Lev 7:18 If any of the flesh of the sacrifice of his peace offerings is eaten on the third day, it will not be accepted, neither shall it be imputed to him who offers it. It will be an abomination, and the soul who eats any of it will bear his iniquity.
Lev 7:19 " 'The flesh that touches any unclean thing shall not be eaten. It shall be burned with fire. As for the flesh, everyone who is clean may eat it;
Lev 7:20 but the soul who eats of the flesh of the sacrifice of peace offerings, that belongs to Yahweh, having his uncleanness on him, that soul shall be cut off from his people.
Lev 7:21 When anyone touches any unclean thing, the uncleanness of man, or an unclean animal, or any unclean abomination, and eats some of the flesh of the sacrifice of peace offerings, which belong to Yahweh, that soul shall be cut off from his people.' "
Lev 7:22 Yahweh spoke to Moses, saying,
Lev 7:23 "Speak to the children of Israel, saying, 'You shall eat no fat, of bull, or sheep, or goat.
Lev 7:24 The fat of that which dies of itself, and the fat of that which is torn of animals, may be used for any other service, but you shall in no way eat of it.
Lev 7:25 For whoever eats the fat of the animal, of which men offer an offering made by fire to Yahweh, even the soul who eats it shall be cut off from his people.
Lev 7:26 You shall not eat any blood, whether it is of bird or of animal, in any of your dwellings.
Lev 7:27 Whoever it is who eats any blood, that soul shall be cut off from his people.' "
Lev 7:28 Yahweh spoke to Moses, saying,
Lev 7:29 "Speak to the children of Israel, saying, 'He who offers the sacrifice of his peace offerings to Yahweh shall bring his offering to Yahweh out of the sacrifice of his peace offerings.
Lev 7:30 With his own hands he shall bring the offerings of Yahweh made by fire. He shall bring the fat with the breast, that the breast may be waved for a wave offering before Yahweh.
Lev 7:31 The priest shall burn the fat on the altar, but the breast shall be Aaron's and his sons'.
Lev 7:32 The right thigh you shall give to the priest for a heave offering out of the sacrifices of your peace offerings.
Lev 7:33 He among the sons of Aaron who offers the blood of the peace offerings, and the fat, shall have the right thigh for a portion.
Lev 7:34 For the waved breast and the heaved thigh I have taken from the children of Israel out of the sacrifices of their peace offerings, and have given them to Aaron the priest and to his sons as their portion forever from the children of Israel.' "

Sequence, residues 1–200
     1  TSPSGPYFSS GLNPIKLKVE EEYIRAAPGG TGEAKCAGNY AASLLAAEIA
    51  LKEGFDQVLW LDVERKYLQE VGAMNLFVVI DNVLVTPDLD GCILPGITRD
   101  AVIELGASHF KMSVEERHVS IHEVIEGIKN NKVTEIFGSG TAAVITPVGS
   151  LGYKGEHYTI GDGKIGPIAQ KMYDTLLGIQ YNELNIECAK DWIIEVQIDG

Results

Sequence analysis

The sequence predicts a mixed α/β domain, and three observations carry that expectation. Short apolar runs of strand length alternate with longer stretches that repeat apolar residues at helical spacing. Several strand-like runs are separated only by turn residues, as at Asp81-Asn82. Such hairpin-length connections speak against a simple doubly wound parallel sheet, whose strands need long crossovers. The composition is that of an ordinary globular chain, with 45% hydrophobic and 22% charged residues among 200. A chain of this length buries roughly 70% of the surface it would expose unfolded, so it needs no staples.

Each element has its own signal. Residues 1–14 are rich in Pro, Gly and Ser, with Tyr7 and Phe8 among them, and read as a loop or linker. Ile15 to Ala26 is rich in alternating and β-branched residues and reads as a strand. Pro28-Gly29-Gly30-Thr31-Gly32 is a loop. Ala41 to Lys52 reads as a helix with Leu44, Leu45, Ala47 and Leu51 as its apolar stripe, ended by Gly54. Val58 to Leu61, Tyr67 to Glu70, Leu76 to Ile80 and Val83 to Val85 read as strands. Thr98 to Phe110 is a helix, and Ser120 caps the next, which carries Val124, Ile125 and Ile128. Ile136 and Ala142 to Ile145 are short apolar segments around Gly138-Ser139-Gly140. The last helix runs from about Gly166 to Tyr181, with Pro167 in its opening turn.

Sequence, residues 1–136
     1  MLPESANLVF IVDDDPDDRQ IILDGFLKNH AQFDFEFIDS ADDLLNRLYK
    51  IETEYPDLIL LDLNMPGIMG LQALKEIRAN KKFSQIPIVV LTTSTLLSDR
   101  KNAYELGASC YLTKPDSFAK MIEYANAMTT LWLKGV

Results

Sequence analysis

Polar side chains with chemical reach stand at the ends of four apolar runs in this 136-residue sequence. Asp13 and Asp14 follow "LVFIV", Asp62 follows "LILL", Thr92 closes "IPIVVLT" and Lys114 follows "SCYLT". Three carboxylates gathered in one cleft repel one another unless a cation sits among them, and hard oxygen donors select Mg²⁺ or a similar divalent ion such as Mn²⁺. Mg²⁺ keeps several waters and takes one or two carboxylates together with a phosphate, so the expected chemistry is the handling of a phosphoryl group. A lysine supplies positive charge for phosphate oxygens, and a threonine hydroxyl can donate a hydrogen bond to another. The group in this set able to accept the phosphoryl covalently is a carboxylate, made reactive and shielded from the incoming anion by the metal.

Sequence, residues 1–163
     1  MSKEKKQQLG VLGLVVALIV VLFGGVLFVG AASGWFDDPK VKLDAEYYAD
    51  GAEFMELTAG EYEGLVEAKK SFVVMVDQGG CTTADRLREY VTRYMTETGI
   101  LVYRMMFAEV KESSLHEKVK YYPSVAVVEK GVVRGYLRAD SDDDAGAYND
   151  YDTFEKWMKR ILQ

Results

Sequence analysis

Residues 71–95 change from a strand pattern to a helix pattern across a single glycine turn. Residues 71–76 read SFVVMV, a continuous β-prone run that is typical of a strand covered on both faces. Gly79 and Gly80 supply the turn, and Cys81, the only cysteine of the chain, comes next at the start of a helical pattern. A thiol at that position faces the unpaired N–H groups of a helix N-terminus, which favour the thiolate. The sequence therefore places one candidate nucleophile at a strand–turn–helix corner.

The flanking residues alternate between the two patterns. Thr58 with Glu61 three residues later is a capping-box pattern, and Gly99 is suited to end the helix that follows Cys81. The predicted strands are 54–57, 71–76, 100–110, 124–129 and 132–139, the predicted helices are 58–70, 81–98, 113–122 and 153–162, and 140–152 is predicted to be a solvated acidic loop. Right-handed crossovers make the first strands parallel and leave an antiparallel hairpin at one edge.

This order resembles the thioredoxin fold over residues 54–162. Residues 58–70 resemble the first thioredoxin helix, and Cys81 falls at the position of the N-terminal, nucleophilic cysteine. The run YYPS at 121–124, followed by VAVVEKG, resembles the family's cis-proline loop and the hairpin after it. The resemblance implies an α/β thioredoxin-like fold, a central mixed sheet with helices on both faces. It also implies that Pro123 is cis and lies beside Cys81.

Lev 7:35 This is the anointing portion of Aaron, and the anointing portion of his sons, out of the offerings of Yahweh made by fire, in the day when he presented them to minister to Yahweh in the priest's office;
Lev 7:36 which Yahweh commanded to be given them of the children of Israel, in the day that he anointed them. It is their portion forever throughout their generations.
Lev 7:37 This is the law of the burnt offering, of the meal offering, and of the sin offering, and of the trespass offering, and of the consecration, and of the sacrifice of peace offerings;
Lev 7:38 which Yahweh commanded Moses in Mount Sinai, in the day that he commanded the children of Israel to offer their offerings to Yahweh, in the wilderness of Sinai.

Lev 8:1 Yahweh spoke to Moses, saying,
Lev 8:2 "Take Aaron and his sons with him, and the garments, and the anointing oil, and the bull of the sin offering, and the two rams, and the basket of unleavened bread;
Lev 8:3 and assemble all the congregation at the door of the Tent of Meeting."
Lev 8:4 Moses did as Yahweh commanded him; and the congregation was assembled at the door of the Tent of Meeting.
Lev 8:5 Moses said to the congregation, "This is the thing which Yahweh has commanded to be done."
Lev 8:6 Moses brought Aaron and his sons, and washed them with water.
Lev 8:7 He put the coat on him, tied the sash on him, clothed him with the robe, put the ephod on him, and he tied the skillfully woven band of the ephod on him, and fastened it to him with it.
Lev 8:8 He placed the breastplate on him; and in the breastplate he put the Urim and the Thummim.
Lev 8:9 He set the turban on his head; and on the turban, in front, he set the golden plate, the holy crown; as Yahweh commanded Moses.
Lev 8:10 Moses took the anointing oil, and anointed the tabernacle and all that was in it, and sanctified them.